Van Allen belts

radiation belt, Van Allen Belts
This is one deadly belt!

Before the Space Age, scientists such as Kristian Birkeland, Carl Strmer, Nicholas Christofilos, and Enrico Medi studied the potential of trapped charged particles in a vacuum. Since space was considered a vacuum, these experiments gave NASA some idea of what they would be facing with their unmanned and manned flights.
In early 1958, under the supervision of James Van Allen at the University of Iowa, Explorer 1 and Explorer 3 verified the presence of the Van Allen Radiation Belt, held in place by Earth’s magnetosphere.
The trapped radiation was discovered for the first time by the spacecraft Explorer 4, Pioneer 3, and Luna 1.
Specifically, the phrase Van Allen belts is used in reference to the radiation belts that encircle the planet Earth; however, comparable radiation bands have been identified around other planets as well.
Long-term radiation belts are not supported by the Sun since it does not have a stable, worldwide dipole field.
The Earth’s atmosphere restricts the particle distribution of the belts to areas above 200–1,000 km (124–620 miles), and the belts do not extend beyond 8 Earth radii (RE) in length.
Though they contain deadly and disruptive radiation, the belts do serve a useful purpose in deflecting solar winds and gamma rays around the Earth, protecting us from overexposure to these corrosive visitors.
In terms of volume, the belts are restricted to an area that stretches about 65°[6] on each side of the celestial equator. So envision it as a sort of figure 8, or elongated doughnut, with the Earth smack dab in the middle.
The inner Van Allen Belt is almost entirely composed of highly charged protons.
Within the inner Van Allen Belt, the height ranges normally from 1,000 km (620 mi) to 12,000 km (7,500 mi) above the surface of the Earth.
Certain circumstances, such as during periods of increased solar activity or in geographical locations such as the South Atlantic Anomaly, might result in the inner boundary lowering to around 200 km[12] above the Earth’s surface.
The South Atlantic Anomaly is the point where the inner Van Allen Radiation Belt comes nearest to the Earth’s atmosphere. It can be problematic to spacecraft launched in the area (roughly from off the coast of Brazil to the Ivory coast in Africa) because in some cases it comes as close as 120 miles to the Earth’s surface. Due to the high radiation inside the belt, satellites may malfunction when passing through it, and computers aboard manned spacecraft have crashed when going through the Anomaly. So the area is avoided as much as possible by NASA and other spacecraft.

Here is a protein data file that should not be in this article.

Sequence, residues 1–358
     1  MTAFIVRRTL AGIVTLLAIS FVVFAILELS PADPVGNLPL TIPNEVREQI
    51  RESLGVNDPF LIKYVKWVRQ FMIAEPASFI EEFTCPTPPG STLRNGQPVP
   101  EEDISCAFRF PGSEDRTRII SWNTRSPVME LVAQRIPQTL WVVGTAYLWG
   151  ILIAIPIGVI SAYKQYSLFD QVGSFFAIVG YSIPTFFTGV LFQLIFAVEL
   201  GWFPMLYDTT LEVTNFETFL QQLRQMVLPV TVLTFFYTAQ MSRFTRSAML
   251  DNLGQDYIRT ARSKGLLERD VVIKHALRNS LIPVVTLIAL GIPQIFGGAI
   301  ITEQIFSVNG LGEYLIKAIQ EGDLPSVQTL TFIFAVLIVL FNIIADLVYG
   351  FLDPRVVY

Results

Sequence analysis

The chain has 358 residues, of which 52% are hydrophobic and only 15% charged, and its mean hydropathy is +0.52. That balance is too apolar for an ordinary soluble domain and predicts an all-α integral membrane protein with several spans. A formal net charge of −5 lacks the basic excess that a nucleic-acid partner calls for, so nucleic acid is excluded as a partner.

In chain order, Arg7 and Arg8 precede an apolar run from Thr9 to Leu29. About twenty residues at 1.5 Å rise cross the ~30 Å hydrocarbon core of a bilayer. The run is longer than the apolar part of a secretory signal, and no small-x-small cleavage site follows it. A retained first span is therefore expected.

In the lower belts and at lower altitudes, it is hypothesized that proton energies greater than 50 MeV are produced by neutron beta decay caused by collisions with nuclei in the upper atmosphere caused by cosmic ray impacts.
When there is a shift in the magnetic field, as occurs during geomagnetic storms, it is assumed that proton diffusion is the source of the lower energy protons.
RBSPICE (Radiation Belt Storm Probes Ion Composition Experiment) aboard the Van Allen Probes discovered a pattern in the radiation belts that resembled “zebra stripes” in March 2014, according to the reports published in scientific and astronomy journals.
Initially suggested in 2014, the hypothesis said that the planet’s rotation created an oscillating, weak electric field that permeated the whole inner radiation belt owing to the tilt in the Earth’s magnetic field axis. This idea has now been proven incorrect.
A 2016 research, on the other hand, came to the conclusion that the zebra stripes were caused by ionospheric winds imprinting on radiation bands in the outer belt.
The outer Van Allen Belt is composed mainly of highly charged electrons.
By removing the charged particles from the Van Allen belts, it might be possible to create new orbits for satellites and make astronaut flight more safe.
HVOLTE, also known as the High Voltage Orbiting Long Tether, is a proposal suggested by Russian physicist Vladimir Vladimirovich Danilov and improved by Robert P. Hoyt and Robert L. Forward for draining and eliminating radiation fields from the Van Allen radiation belts[39] that encircle the Earth.
The beaming of very-low-frequency (VLF) radio waves from the ground into the Van Allen belts is another suggestion for emptying the Van Allen belts.
It has also been suggested to drain radiation belts surrounding other planets, for example, before studying Europa, which orbits inside Jupiter’s radiation belt. But there is a developing holistic feeling among astrophysicists that such large scale meddling is not in the best interests of either the solar system or of the human race. It’s seen as destruction of the environment in some circles.
According to the most recent available information, it is still unclear if the removal of these radiation bands would have any harmful unintended repercussions. But their cost alone would be prohibitive, and would require the financial cooperation of the all the technologically advanced nations of the world. Weakened by the pandemic and war, it’s likely the Van Allen Radiation Belts will be safe from the depredation of scientists for some time to come!